Several notable behavioral and pathophysiological factors may link depression with the metabolic syndrome. First, poor diet and sleep, physical inactivity, and smoking are all more common among individuals with depression (33
), and emerging evidence suggests that these behaviors are also associated with the metabolic syndrome (37
). In the current investigation, the association between depression and the metabolic syndrome was not attenuated by daily caloric intake, physical activity, or smoking. However, with the exception of smoking, we examined only baseline measures of these lifestyle variables as diet and physical activity are notoriously difficult to measure. Second, a history of alcohol abuse or dependence may be an important link as well. It was a significant predictor of the metabolic syndrome and attenuated the association of major depression and the metabolic syndrome in the survival model and GEE models of women with no metabolic syndrome at baseline. Consistent with data showing a positive association between a lifetime history of heavy alcohol use and the metabolic syndrome (40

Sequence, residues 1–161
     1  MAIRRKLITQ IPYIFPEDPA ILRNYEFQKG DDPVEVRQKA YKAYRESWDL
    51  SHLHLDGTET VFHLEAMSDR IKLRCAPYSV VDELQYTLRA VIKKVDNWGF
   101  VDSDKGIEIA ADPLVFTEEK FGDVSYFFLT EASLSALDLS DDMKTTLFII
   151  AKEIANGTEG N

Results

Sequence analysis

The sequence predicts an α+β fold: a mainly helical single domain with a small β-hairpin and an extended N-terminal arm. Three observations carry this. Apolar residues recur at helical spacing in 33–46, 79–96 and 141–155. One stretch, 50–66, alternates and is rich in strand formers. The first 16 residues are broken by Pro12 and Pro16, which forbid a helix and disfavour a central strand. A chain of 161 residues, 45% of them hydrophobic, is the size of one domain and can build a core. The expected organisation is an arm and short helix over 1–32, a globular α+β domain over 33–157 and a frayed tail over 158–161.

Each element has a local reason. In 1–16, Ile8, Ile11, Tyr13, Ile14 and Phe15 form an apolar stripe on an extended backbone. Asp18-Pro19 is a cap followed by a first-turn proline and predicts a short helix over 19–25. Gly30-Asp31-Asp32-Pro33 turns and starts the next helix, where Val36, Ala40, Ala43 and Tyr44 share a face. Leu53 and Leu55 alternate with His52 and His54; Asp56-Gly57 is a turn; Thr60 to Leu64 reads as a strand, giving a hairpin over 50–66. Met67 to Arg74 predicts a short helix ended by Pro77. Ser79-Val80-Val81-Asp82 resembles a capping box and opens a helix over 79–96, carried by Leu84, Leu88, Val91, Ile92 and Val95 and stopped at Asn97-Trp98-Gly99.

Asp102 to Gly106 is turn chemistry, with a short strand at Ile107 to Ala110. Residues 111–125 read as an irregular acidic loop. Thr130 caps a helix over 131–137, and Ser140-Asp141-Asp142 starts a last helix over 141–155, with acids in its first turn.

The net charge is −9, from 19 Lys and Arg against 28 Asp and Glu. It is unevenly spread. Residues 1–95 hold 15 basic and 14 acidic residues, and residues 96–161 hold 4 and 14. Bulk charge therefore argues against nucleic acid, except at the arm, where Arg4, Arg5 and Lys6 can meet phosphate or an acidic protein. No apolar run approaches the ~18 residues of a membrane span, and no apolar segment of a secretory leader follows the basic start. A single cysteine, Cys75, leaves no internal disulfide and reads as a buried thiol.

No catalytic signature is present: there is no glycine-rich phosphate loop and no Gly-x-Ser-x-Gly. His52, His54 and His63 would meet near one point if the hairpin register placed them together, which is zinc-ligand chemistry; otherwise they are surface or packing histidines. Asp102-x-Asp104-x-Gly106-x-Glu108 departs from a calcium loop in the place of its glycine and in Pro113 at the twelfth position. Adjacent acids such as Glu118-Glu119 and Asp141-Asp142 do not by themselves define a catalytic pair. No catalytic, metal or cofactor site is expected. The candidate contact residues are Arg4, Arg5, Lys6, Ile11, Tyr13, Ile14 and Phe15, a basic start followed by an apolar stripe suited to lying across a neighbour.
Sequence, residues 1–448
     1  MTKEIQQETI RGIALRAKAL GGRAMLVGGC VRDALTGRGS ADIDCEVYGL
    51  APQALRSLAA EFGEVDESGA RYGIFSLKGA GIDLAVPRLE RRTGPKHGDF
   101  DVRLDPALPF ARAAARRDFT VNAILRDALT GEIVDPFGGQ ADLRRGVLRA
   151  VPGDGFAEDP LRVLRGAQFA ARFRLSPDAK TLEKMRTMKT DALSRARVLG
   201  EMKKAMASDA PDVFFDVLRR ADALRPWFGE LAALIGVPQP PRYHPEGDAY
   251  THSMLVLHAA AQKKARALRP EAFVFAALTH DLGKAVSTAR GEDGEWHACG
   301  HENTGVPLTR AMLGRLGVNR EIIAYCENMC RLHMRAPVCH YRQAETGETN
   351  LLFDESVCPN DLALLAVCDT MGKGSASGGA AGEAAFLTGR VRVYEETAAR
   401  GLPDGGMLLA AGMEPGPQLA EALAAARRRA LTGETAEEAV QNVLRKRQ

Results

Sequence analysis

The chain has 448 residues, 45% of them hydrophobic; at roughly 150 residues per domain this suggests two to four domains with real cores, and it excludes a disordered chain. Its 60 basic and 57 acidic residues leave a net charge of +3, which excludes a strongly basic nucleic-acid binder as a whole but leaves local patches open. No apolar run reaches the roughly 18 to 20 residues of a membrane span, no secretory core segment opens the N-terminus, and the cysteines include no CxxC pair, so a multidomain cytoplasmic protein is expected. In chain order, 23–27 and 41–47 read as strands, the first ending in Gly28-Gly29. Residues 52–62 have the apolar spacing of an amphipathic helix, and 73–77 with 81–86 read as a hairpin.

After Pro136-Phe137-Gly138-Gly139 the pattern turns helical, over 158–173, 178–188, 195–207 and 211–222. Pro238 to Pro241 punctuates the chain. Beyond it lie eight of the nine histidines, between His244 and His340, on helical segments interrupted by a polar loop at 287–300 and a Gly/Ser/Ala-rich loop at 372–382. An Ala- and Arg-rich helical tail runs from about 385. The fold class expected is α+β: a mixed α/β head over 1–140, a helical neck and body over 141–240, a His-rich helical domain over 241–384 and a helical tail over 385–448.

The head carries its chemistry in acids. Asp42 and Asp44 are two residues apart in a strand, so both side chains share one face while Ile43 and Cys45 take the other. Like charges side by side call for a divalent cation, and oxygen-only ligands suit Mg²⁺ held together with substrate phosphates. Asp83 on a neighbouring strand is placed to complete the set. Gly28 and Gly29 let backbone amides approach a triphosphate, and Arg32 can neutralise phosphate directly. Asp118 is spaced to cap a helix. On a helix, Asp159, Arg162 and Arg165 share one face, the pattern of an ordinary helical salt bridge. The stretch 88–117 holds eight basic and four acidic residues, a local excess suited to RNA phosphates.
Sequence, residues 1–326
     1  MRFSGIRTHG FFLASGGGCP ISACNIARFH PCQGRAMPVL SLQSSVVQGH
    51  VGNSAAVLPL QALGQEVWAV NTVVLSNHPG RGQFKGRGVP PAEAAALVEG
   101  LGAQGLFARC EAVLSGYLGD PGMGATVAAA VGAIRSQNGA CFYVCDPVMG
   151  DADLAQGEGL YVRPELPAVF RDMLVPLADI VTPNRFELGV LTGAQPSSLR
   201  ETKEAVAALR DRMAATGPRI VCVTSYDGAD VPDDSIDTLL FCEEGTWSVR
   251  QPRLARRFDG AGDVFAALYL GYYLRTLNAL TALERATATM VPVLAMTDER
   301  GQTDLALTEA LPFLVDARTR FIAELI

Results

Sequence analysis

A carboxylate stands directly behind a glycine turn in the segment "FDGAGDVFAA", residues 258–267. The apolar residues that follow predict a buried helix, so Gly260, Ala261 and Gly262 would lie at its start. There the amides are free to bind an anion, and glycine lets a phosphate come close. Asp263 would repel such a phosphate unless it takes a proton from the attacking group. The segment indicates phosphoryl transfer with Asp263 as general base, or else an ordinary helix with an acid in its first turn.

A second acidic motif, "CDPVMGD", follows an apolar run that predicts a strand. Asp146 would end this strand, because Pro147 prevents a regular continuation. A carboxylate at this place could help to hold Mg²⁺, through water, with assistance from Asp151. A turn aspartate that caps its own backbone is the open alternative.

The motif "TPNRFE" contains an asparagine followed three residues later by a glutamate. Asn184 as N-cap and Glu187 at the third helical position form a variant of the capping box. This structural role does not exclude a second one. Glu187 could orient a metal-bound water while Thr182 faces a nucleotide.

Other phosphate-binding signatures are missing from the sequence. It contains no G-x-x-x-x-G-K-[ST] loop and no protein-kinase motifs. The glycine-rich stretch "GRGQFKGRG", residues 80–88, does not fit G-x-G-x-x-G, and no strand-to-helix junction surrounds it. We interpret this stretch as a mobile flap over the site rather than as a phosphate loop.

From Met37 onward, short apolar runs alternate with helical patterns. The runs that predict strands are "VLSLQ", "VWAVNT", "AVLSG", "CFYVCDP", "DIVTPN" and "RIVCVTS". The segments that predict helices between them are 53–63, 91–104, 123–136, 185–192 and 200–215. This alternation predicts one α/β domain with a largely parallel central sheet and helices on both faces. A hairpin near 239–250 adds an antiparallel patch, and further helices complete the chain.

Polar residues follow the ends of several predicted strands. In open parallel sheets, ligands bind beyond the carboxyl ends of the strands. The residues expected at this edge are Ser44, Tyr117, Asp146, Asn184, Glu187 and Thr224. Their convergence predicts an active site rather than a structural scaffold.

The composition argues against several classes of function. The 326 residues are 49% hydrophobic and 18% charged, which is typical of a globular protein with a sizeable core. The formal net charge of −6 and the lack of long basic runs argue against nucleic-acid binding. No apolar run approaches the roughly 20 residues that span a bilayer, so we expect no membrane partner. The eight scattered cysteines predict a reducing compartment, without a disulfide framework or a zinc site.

), results of the current study suggest that excessive alcohol consumption, independent of depression, may be an important factor in the development of the metabolic syndrome in women. Excessive alcohol consumption has also been linked to components of the metabolic syndrome, including hypertension (43
) and increased central (44
) and visceral (41
Plausible physiological mechanisms linking depression with the metabolic syndrome include dysregulation of the hypothalamic-pituitary adrenal (HPA) axis and autonomic nervous system (ANS) via such pathways as an accumulation of visceral adiposity and impaired insulin sensitivity (47